You talked about pension obligation too. That is certainly an option for us and maybe something that we do. I will tell you though that I believe this greater value to DuPont to retain that pension obligation and move additional debt over rather -- when the rating agencies look at it, they are looking at adjusted net debt. So they going to take the debt load plus the pension obligation that you have on that entity when they calculate that triple-B minus sort of rating. If I don’t put the pension obligation over, I can increase the debt load that I’m putting over. And so, by putting more debt load over there, I get the cash coming back into the parent company, and I can decide what I want to with that. I could retire pension obligation if I wanted to. I could do share buyback. I can do a lot of different things with the money coming back in from the debt load that I put on the entity.

The point of why I would probably do that versus move the pension over is the pension going over even on the 2015 time period is probably going to over to pretty load discount rate. And so, as the discount rates come back up, I’d be losing value into the [Indiscernible] because they would get that appreciation of the discount rates and arguably, I could have been put more obligation on this. So by doing it as a debt, I fix it and I don’t have to worry about what happens to those discount rates.

Your other question on the things beyond that’s creating value, there is a lot. I mean when you look at that honeycomb chart I showed you, the technology chart there, and I talk about the leverage of the science and the company and why we just sold GLS because it wasn’t able to, if you were to look at the places where Performance Chemicals is leveraging science out of that honeycomb, it’s very minimal. It’s like one, maybe two places. And so, what I’m telling you about that is it wasn’t science intense sort of business. It’s got a very strong position from technology that it has on manufacturing, so our manufacturing technology in that TL2 business, for example, is step change improvement from any competitor out there from a cost position, but it doesn’t draw a lot of science in its product offering. TL2 is TL2 is TL2. It doesn’t have that same opportunity for leveraging that science that our other areas and other products do within the company that are left and being a science-driven high growth that doesn’t fit in to that mold.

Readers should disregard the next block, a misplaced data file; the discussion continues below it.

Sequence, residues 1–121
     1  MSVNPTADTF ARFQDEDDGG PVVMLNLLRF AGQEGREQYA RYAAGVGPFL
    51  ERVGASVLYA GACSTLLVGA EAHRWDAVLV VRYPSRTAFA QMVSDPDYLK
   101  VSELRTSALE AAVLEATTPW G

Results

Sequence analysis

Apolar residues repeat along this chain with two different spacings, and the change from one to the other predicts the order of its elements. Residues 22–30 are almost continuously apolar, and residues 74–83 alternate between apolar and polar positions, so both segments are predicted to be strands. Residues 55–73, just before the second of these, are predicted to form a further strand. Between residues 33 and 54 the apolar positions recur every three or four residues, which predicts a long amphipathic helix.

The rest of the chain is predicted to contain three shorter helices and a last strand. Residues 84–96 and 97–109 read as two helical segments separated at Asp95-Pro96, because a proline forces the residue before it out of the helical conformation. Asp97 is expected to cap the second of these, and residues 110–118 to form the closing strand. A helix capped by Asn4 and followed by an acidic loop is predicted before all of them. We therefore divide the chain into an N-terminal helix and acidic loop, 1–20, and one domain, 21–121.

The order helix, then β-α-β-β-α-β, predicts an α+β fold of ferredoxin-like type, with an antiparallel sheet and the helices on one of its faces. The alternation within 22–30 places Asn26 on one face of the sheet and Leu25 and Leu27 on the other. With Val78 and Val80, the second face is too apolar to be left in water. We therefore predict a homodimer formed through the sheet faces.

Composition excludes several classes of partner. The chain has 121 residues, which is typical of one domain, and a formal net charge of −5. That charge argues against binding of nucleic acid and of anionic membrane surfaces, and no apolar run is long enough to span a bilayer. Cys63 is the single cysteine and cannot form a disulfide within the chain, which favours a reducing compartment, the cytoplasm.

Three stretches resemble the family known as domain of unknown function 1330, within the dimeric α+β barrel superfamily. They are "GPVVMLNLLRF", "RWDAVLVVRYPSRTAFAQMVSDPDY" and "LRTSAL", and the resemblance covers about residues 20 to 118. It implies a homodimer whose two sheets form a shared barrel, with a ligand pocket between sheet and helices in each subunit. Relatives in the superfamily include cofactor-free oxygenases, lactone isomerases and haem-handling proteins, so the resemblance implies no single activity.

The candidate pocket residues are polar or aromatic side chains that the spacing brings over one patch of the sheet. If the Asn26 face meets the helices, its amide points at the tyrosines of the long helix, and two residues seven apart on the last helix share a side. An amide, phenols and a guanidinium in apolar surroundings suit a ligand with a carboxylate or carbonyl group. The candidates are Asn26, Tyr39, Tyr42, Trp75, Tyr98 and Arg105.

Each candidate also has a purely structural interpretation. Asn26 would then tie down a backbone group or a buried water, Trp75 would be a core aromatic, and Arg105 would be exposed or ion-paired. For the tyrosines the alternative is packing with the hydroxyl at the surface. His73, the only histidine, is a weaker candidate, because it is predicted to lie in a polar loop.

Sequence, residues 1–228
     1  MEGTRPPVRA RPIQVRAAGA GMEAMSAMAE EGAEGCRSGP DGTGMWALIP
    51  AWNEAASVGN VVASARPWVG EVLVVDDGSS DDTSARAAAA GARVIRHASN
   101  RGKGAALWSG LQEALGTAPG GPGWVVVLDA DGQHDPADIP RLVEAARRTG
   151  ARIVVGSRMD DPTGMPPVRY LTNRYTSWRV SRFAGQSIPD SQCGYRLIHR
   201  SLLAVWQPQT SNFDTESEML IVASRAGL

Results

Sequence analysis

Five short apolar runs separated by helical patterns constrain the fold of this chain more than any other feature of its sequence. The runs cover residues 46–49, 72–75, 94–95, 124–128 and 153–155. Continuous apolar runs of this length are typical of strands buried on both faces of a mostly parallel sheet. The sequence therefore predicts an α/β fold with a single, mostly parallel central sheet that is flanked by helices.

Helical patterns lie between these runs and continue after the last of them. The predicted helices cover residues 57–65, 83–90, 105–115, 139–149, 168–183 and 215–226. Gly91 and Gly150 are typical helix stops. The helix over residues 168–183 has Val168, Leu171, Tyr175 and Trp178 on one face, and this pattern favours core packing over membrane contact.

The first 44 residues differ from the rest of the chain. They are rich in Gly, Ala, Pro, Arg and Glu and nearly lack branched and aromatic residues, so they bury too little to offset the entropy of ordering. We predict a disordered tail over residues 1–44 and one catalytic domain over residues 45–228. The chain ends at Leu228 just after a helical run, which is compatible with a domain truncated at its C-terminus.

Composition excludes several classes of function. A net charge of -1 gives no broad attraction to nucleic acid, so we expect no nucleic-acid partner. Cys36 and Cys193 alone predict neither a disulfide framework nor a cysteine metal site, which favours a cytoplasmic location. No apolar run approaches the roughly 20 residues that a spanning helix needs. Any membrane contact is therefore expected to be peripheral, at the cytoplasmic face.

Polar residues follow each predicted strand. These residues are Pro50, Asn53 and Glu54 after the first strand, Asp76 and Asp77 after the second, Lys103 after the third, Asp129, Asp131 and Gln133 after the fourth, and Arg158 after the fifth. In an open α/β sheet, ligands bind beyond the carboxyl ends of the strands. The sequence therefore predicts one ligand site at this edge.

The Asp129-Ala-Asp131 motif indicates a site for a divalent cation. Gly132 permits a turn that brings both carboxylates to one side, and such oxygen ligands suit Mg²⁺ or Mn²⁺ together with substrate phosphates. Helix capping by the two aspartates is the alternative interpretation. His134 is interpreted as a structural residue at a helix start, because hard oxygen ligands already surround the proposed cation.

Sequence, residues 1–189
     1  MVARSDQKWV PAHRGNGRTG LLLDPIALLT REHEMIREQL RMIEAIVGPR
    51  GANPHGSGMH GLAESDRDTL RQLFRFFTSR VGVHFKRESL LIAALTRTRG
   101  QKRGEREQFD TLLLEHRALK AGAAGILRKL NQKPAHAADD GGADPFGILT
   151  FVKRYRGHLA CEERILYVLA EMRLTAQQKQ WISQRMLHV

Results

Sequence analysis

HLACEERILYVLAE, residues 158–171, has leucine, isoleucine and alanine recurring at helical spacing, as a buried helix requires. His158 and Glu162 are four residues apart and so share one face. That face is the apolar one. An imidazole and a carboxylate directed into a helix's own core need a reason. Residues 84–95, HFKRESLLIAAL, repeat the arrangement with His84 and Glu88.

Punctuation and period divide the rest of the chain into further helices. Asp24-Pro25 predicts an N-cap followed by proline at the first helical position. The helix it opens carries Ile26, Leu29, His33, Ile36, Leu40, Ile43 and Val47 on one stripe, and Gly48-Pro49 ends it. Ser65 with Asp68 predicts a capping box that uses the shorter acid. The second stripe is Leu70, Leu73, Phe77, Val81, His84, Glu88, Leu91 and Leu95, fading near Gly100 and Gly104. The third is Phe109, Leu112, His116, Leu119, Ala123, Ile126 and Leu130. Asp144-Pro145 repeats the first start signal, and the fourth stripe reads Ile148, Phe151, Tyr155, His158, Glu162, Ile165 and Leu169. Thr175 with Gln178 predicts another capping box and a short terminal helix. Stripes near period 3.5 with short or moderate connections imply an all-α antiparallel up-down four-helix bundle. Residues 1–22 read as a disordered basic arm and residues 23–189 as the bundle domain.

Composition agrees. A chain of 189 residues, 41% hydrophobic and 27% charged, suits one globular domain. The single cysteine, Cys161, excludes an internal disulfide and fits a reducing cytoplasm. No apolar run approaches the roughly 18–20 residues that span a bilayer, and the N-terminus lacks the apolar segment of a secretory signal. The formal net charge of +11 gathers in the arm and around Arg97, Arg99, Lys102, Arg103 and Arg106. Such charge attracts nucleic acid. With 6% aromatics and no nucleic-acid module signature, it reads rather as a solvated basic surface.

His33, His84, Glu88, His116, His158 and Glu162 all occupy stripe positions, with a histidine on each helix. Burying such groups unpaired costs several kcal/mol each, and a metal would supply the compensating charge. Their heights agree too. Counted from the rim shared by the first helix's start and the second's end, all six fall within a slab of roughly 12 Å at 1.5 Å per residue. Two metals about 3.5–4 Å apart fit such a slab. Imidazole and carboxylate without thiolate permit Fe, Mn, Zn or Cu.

A couple of that was the fact when you look at the TL2 business or the segment as a whole, you have growth of GDP growth rates very cyclical and very volatile. And so, if you have a company that you’re trying to grow 7 and 12 and you got a volatility that in 2013, on an earnings per share basis, the segment decreased the overall company performance by $0.65 a share, that’s a significant volatility to perform against your 7 and 12 targets that we’ve set in the company around a consistent growth rates. This is going to allow for more certainty [Indiscernible] much toward the secular side which is where we are driving the company.

Operator

Great question and great answer. I’m afraid we’re at the end of our allotted time and recognizing. We’re standing between you all and lunch. I think we’ll cut it off there.

Nick, thank you very much.

Nick Fanandakis

Thank you.